Feeds

Feds bust world's most prolific music piracy ring

Rabid Neurosis institutionalized

Website security in corporate America

Six men have been accused of running the world's most prolific music piracy ring, an online crew federal prosecutors allege delivered more than 25,000 copyrighted albums, often before they were officially released.

As members of Rabid Neurosis, or RNS as the group was called, they tapped insiders at music retailers, radio stations, and CD manufacturing plants, who were able to get their hands on music titles before their commercial release in the US. In other cases, they turned to affiliates elsewhere in the world, who were able to supply music that was not yet available in America.

"These reproductions were done for the benefit of the members of RNS and other affiliated piracy groups, in that, by getting a reputation for providing pirated materials that were previously unavailable on the piracy scene, RNS members were granted access to massive libraries of pirated music, video games, software and movies," prosecutors alleged in court documents filed Wednesday.

The claim of personal benefit is important, since sentencing guidelines frequently require a showing that copyright infringers financially gained from their activities.

Wednesday's indictment, filed in US District Court in the Eastern District of Virginia, named Adil R. Cassim, 29, of Granada Hills, California, the alleged leader of the group, Matthew D. Chow, 28, of Missouri City, Texas, Bennie L. Glover, 35, of Shelby, North Carolina, an employee of a CD production plant, and Edward Mohan II, 46, of Baltimore.

Each was charged with a single count of conspiracy to commit copyright infringement. If convicted each faces a maximum sentence of five years in prison and a fine of $250,000, in addition to a possible order to pay restitution.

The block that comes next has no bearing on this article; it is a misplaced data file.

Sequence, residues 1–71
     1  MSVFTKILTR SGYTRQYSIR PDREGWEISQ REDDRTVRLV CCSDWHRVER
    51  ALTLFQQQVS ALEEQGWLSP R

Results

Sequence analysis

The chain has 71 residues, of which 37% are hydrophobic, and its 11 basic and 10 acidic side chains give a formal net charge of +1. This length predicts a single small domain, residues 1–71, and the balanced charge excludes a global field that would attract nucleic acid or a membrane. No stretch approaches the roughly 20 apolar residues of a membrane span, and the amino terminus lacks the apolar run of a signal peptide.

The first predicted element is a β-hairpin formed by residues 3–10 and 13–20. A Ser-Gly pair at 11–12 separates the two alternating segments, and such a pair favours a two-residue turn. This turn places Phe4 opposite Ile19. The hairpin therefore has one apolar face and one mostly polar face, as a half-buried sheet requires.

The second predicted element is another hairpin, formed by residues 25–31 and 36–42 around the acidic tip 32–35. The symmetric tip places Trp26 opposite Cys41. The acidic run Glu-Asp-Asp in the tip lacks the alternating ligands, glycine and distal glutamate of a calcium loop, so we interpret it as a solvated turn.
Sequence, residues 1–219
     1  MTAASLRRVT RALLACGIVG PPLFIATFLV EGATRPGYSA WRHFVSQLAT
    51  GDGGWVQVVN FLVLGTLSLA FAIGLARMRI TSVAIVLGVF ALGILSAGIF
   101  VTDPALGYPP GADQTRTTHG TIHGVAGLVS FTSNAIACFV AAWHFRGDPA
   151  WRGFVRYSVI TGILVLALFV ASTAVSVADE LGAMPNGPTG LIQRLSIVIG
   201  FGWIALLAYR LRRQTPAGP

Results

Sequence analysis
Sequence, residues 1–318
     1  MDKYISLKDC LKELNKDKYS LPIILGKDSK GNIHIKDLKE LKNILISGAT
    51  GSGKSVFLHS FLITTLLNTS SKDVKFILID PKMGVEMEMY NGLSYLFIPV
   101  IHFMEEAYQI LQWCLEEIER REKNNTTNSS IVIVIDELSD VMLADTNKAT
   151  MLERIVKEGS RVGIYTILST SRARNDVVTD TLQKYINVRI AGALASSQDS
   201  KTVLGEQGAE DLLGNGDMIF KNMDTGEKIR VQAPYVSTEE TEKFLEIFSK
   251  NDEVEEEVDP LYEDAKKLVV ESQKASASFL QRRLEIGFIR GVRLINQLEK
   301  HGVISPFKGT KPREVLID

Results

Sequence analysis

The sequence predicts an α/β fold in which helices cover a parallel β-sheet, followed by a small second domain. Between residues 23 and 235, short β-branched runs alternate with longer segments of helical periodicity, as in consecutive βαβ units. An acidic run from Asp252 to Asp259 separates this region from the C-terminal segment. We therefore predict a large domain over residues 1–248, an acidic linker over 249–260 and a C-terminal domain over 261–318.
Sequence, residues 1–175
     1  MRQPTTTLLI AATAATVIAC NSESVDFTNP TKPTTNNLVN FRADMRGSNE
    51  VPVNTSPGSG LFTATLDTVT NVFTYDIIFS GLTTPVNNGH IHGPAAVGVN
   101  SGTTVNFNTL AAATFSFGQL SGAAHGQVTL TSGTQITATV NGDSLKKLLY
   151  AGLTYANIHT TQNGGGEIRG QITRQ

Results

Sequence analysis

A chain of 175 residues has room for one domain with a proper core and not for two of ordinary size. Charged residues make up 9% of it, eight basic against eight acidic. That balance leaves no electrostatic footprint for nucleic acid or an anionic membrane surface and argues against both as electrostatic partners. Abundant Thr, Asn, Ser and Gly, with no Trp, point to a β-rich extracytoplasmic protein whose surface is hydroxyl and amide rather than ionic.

Patrick L. Saunders, 30, of Brooklyn, New York, was charged in August and pleaded guilty on Tuesday to one count of copyright infringement. James A. Dockery, 39, of Mooresboro, North Carolina was charged on Tuesday.

Chow, intends to plead not guilty during a court appearance scheduled for next week, his Houston-based attorney, Terry W. Yates, said. Attorneys for the remaining defendants couldn't be reached for comment.

According to Saunders's plea agreement, RNS willfully infringed more than 25,000 copyrighted titles during its decade in operation. Its first release was in 1996, with a copy of Metallica's Ride the Lightning, and its final official act was the posting of Fall Out Boy's Infinity on High in January 2007. In March 2006, an RNS member distributed Cassandra Wilson's Thunderbird album about a month before its commercial release.

"During its existence, RNS was generally viewed as the most successful internet music piracy release group in the world," the agreement, which was signed by Saunders, stated. ®

Protecting users from Firesheep and other Sidejacking attacks with SSL

More from The Register

next story
Hackers pop Brazil newspaper to root home routers
Step One: try default passwords. Step Two: Repeat Step One until success
UK.gov lobs another fistful of change at SME infosec nightmares
Senior Lib Dem in 'trying to be relevant' shocker. It's only taxpayers' money, after all
Critical Adobe Reader and Acrobat patches FINALLY make it out
Eight vulns healed, including XSS and DoS paths
Spies would need SUPER POWERS to tap undersea cables
Why mess with armoured 10kV cables when land-based, and legal, snoop tools are easier?
TOR users become FBI's No.1 hacking target after legal power grab
Be afeared, me hearties, these scoundrels be spying our signals
Blood-crazed Microsoft axes Trustworthy Computing Group
Security be not a dirty word, me Satya. But crevice, bigod...
Snowden, Dotcom, throw bombs into NZ election campaign
Claim of tapped undersea cable refuted by Kiwi PM as Kim claims extradition plot
Freenode IRC users told to change passwords after securo-breach
Miscreants probably got in, you guys know the drill by now
prev story

Whitepapers

Secure remote control for conventional and virtual desktops
Balancing user privacy and privileged access, in accordance with compliance frameworks and legislation. Evaluating any potential remote control choice.
WIN a very cool portable ZX Spectrum
Win a one-off portable Spectrum built by legendary hardware hacker Ben Heck
Storage capacity and performance optimization at Mizuno USA
Mizuno USA turn to Tegile storage technology to solve both their SAN and backup issues.
High Performance for All
While HPC is not new, it has traditionally been seen as a specialist area – is it now geared up to meet more mainstream requirements?
The next step in data security
With recent increased privacy concerns and computers becoming more powerful, the chance of hackers being able to crack smaller-sized RSA keys increases.